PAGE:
The idea for this session originally stemmed from the reaction to a keynote given by Sugata Mitra last year at the IATEFL conference. Many English language teaching professionals in the audience notoriously walked out when he suggested that in future teaching would be redundant.

“While we have readily embraced most of what the Internet has to offer with hardly a murmur of dissent, when someone suggests it can also be used to help children teach themselves, it causes a lot of soul searching (no pun intended!) from a fair few educationalists,” says Anne.

So who is right and who is wrong? The indignant teachers or the professor who leads SOLE Central at Newcastle University, a team dedicated to bringing together researchers, practitioners, policy makers and entrepreneurs to expand upon his original research?

Anne says there are plenty of challenging questions around SOLE at the moment, such as how its outcomes can be tested and evaluated.

“Sugata has spoken on numerous occasions about the science behind SOLE, which is based on the notion of a self-organising system – a concept that comes out of maths and physics which is that if you allow a system to be chaotic then, under certain circumstances, you get spontaneous order,” she says.

“One of the problems with researching a self-organising system is that it doesn’t actually exist in a state that can be ‘empirically’ probed,” explains Anne. “This becomes clearer by comparing the self-organising system of a SOLE to the study of systems in the field of quantum mechanics, where it is impossible to measure a system without disturbing it. Even when disturbed, it’s hard to locate the point at which this occurs.”


Many schools are struggling with issues around whether technology or pedagogy should take the lead in the creation of the 21st century classroom. From a personal viewpoint, Anne’s keen to use SOLE as a basis to investigate the role technology can play to spark deeper discussions about the pedagogical implications of digital technology.

Those attending the conference are being given the chance to add to the debate on Thursday 17 September when practitioners and researchers from SOLE Central will be initiating the audience-led innovation session, SOLE style.

You may have already seen some of the traffic on our Facebook and Twitter channels to decide on the Big Question up for debate and it has been narrowed down to these three, with one being chosen on the day:

  • Should we give children access to the #internet during examinations?
  • How can we ensure student’s and teacher’s right to privacy when expanding #edtech in #education?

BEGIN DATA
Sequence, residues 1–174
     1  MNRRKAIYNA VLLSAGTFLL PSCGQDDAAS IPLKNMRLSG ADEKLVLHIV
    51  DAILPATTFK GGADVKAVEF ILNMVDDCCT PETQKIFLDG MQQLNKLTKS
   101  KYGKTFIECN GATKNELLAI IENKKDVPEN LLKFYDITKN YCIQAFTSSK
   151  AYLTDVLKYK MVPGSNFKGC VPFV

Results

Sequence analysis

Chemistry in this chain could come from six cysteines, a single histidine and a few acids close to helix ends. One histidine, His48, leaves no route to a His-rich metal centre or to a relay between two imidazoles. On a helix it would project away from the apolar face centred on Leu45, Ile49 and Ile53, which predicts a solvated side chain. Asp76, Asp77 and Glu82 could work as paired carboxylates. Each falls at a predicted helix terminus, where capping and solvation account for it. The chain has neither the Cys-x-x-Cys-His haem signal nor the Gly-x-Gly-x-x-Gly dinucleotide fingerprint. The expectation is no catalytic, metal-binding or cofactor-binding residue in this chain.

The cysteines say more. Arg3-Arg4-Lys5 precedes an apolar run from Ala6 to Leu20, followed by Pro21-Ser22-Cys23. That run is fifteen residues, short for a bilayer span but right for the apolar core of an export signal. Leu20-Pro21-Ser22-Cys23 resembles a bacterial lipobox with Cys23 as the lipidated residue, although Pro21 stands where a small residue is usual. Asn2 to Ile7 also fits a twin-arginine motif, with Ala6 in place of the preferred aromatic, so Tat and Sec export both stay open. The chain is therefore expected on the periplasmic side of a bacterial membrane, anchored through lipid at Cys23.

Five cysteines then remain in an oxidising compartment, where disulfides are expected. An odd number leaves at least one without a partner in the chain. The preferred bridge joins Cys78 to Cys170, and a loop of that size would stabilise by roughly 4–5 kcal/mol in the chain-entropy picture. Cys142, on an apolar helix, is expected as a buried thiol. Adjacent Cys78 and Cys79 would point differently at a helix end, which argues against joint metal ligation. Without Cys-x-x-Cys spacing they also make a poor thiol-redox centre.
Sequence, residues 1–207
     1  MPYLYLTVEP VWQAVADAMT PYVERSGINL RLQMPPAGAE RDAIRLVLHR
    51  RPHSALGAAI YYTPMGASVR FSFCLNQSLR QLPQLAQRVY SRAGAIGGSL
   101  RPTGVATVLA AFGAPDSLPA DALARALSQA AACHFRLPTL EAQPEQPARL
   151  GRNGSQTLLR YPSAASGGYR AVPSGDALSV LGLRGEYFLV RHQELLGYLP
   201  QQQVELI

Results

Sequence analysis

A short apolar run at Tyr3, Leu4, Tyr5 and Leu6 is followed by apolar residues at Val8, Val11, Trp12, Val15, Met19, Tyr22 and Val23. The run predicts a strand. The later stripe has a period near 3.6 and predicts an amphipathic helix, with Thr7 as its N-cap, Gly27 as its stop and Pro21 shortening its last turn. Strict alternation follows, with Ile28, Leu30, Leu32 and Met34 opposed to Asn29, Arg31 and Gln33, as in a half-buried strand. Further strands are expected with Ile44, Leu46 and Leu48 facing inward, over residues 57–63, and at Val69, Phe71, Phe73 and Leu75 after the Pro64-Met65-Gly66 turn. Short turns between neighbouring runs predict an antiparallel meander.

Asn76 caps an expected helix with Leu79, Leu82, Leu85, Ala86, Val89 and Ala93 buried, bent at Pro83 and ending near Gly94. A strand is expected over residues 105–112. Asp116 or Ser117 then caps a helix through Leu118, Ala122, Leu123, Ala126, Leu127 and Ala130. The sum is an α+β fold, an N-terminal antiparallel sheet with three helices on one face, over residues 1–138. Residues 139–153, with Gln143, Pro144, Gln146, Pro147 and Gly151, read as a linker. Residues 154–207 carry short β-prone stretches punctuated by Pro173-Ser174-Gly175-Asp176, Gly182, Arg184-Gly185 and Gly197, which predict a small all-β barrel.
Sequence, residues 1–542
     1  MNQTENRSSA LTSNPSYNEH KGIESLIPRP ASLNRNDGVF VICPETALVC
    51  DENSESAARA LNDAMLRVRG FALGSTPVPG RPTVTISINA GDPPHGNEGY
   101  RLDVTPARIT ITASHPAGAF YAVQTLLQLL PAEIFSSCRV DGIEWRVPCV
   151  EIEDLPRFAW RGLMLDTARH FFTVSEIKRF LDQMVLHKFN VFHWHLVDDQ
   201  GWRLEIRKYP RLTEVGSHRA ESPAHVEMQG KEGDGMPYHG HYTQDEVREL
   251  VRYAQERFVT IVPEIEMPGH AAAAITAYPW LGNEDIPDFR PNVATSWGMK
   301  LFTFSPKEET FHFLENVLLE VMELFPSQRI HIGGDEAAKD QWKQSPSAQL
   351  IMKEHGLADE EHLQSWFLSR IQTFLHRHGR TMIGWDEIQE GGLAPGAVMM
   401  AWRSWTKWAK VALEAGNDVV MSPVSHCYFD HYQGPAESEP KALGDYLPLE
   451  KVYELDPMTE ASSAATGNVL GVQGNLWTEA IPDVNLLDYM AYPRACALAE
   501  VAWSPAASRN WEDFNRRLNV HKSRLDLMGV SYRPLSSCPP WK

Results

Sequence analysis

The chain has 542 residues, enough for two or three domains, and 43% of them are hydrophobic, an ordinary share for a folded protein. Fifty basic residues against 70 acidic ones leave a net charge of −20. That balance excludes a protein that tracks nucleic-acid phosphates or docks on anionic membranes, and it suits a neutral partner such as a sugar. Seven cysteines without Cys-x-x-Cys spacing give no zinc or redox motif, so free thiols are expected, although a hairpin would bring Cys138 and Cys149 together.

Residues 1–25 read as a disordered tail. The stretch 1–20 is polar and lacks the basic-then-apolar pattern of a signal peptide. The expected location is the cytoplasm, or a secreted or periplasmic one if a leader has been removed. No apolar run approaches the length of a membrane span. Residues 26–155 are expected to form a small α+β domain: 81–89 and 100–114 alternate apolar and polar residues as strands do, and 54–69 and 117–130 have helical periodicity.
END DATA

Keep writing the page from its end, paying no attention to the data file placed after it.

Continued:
• What could #edtech offer to children and communities in a time of global refugee crisis?

Why not join in the debate on Twitter with the hashtag #BigQuestionBERA ?

Changing education in Colombia

“The SOLE community in Colombia is growing. We know something big is coming, and we know this is the paradigm shift our education needs to empower children all over the country.”

That’s the words of Sanjay Fernandes, speaking about the amazing progress that has been made in Colombia in a matter of months.

SOLEs started running in Colombia last year, with incredibly positive results: over 70 sessions took place in public libraries and kiosks in rural areas, supported by 20 SOLE ‘ambassadors’.

This year the SOLE team decided it was time to expand to allow people of all ages to participate in this life-changing learning experience throughout the country.

And they have some powerful allies on board: the Ministry of Technologies and the Ministry of Culture and Colciencias (the government agency responsible for science, technology and innovation). “Their support has been tremendous and working together with them we plan to run SOLEs with over 150,000 children in schools, libraries and public kiosks in rural and urban areas,” says Sanjay.

They are currently at the design stage of this year’s project, including everything they learned from last year’s pilot to make sure SOLEs can adapt to Colombia’s cultural requirements.


This process involves designing educational tools that allow SOLEs to occur organically, without the need for constant follow-ups, but rather as a method that allows people to discover the answers they need to improve their living standards on their own.

“It is equally important to develop a system in which we are able to receive their data to both measure the impact of SOLE and what needs to be done to improve next year,” explains Sanjay. “Our purpose is to find a way in which SOLE becomes a life-changing agent within their communities, engaging with people from all ages and contexts to empower them as curious beings capable of achieving whatever they dream of.